Fall is Our Best Planting Season!
Trees, shrubs, and perennials get a great bonus when planted in fall. South Texas enjoys relatively warm soil temperatures through fall and winter, and cooler air temperatures direct the new plant to grow roots all through this time. So, a plant put into the ground in fall will grow twice as fast the following spring as one planted in spring due to having developed twice the root system, and it will also suffer much less stress in its first South Texas summer. We are lucky that we can garden year round here, but fall is our best season for planting!
What to Plant
Flowers from Seed
Alyssum, bluebonnets, dianthus, larkspur, nasturtium, pansies, petunias, phlox, snapdragons, stock, sweet peas, and violas
Flowers from Transplant
Alyssum, begonias, bluebonnets, calendulas, dianthus, flowering cabbage and kale, geraniums, lobelia, pansies, petunias, phlox, shasta daisy, snapdragons, stock, violas and dusty miller
Veggies from Seed
Beets, carrot, garlic, lettuce, mustard, onion, parsley, radish, Swiss chard, spinach, turnips, and herbs
GARDEN GUIDE: Herbs, Onions, Container Gardening
Hardy Trees, Shrubs and Vines
Some of our favorite vines: Mexican Flame Vine, Coral Vine
Garden Guide: Native Plants of South Texas: Our Baker’s Dozen; Planting Trees, Shrubs and Groundcovers
Fall bulbs like paper whites and amaryllis, will make a spectacular show this winter and spring, and now is the time to buy them.
Also, they make a great gift! Lynn’s Amaryllis – A Gift from Mom for a Lifetime
Garden Guide: Planting Fall Bulbs
1. Refrigerate for 4-6 weeks prior to planting.
(plant around Thanksgiving for holiday blooms!)
2. Fill a clear vase with a few inches of pea gravel.
3. Nestle bulbs side by side into the gravel.
4. Add water up to the bottom of the bulb and
place near a sunny window.
Plant in a pot or in the ground. If planting in the ground, place in morning sun and afternoon shade. Every three years in October, you can dig up and divide these bulbs as they multiply underground! Feed regularly with Hi-Yield Bone Meal every 4-6 weeks.
with Gill Fall Lawn & Garden 13-1-3. For an organic approach, use Milorganite or Medina Growin’ Green.
BLOOMING ANNUALS & PERENNIALS
with Hibiscus Food, organically with Medina Growin Green, Hasta Gro or Maestro Rose Glo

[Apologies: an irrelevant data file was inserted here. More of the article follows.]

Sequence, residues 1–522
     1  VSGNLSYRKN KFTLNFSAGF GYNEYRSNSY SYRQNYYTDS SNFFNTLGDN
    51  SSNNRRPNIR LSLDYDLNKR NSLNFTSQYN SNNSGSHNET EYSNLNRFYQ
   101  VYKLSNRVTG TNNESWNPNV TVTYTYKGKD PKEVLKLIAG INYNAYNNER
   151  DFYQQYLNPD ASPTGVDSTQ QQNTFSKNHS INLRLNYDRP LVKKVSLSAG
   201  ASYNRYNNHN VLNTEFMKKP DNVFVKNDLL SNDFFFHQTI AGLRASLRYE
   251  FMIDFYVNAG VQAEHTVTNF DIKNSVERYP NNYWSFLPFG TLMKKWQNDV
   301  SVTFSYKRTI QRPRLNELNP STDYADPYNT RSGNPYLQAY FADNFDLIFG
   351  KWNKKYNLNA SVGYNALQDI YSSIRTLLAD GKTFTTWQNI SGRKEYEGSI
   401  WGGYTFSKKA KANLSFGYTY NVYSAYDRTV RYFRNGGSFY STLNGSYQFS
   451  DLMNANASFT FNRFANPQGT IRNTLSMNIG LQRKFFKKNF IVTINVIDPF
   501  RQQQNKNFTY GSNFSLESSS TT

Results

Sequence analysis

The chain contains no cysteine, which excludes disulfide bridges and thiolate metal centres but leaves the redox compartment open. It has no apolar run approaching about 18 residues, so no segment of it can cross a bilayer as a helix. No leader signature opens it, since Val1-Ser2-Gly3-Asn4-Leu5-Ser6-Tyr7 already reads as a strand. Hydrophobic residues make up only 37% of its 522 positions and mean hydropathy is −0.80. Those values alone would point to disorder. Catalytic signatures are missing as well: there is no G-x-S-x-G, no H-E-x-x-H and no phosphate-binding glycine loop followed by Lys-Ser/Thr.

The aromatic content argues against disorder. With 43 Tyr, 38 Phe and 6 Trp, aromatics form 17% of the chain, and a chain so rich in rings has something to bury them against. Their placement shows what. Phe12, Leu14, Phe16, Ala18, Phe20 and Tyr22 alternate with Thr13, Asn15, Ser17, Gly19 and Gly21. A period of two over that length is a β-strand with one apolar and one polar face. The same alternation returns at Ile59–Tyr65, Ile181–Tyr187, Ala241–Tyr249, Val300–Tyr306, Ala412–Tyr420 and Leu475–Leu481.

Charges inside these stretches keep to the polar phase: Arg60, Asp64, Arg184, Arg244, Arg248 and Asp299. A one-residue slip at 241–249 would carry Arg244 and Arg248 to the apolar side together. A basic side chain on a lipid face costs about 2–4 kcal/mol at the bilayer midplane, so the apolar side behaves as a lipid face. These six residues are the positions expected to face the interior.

with Bayer Rose & Flower Rose Food, organically with Maestro Rose Glo
STRESSED or NEWLY TRANSPLANTED PLANTS
with Hasta Gro Organic Fertilizer or Super Thrive
with Hi Yield Ammonium Sulphate, organically with Hasta Gro, Maestro Rose Glo or Plant Tone
Watch Out For
Look out for chewed leaves! Spray with Cyonara, organically with Thuricide, Dipel Dust or Spinosad.
on crape myrtles and roses. Treat with Daconil, or Fertilome Systemic Fungicide. Organically with Serenade or Neem Oil.
FLEAS & TICKS
Treat lawns with Spectracide Triazicide, organically with Spinosad or Diatomaceous Earth Crawling Insect Killer.
Repel with Mosquito Beater Liquid Quick Kill or Mosquito Beater granules.
Please, Please, don’t kill the bees. They are one of the best sources we have to pollinate our fruits, vegetables, flowers and shrubs.
Water newly planted plants regularly, but take care not to overwater with cooler nighttime temperatures. Cut back on watering your established plants and lawn as temperatures cool down, since they use less water. If you are unsure when to water, use a moisture meter to take out the guesswork.
WATCH: Watering Basics with James
- Fall blooming plants that have finished their bloom like asters and mums.
- Remove spent blooms from annuals, like petunias, snapdragons and dianthus to encourage more bloom.
- Your hardy woody ornamentals to shape, not severely (so as not to encourage new tender growth)
WATCH: Trimming Mums for a Second Bloom with Sally
When should plumaria be taken in or trimmed?
Plumaria are going to be OK down to around 40°, but will lose their leaves. You should not pull the yellowing leaves off as that causes some damage but rather snip them off not too close, leaving 1/4” to 1/2” of leaf stem. Either bring them in or cover them if temperatures are approaching anywhere near freezing, I would say if the forecast is for Below 40.
Is now a “fair to good ” time to purchase and plant roses (potted, not bare-rooted)? If so, do you have any in stock?
Now is an excellent time to plant container grown roses, and we have several in stock.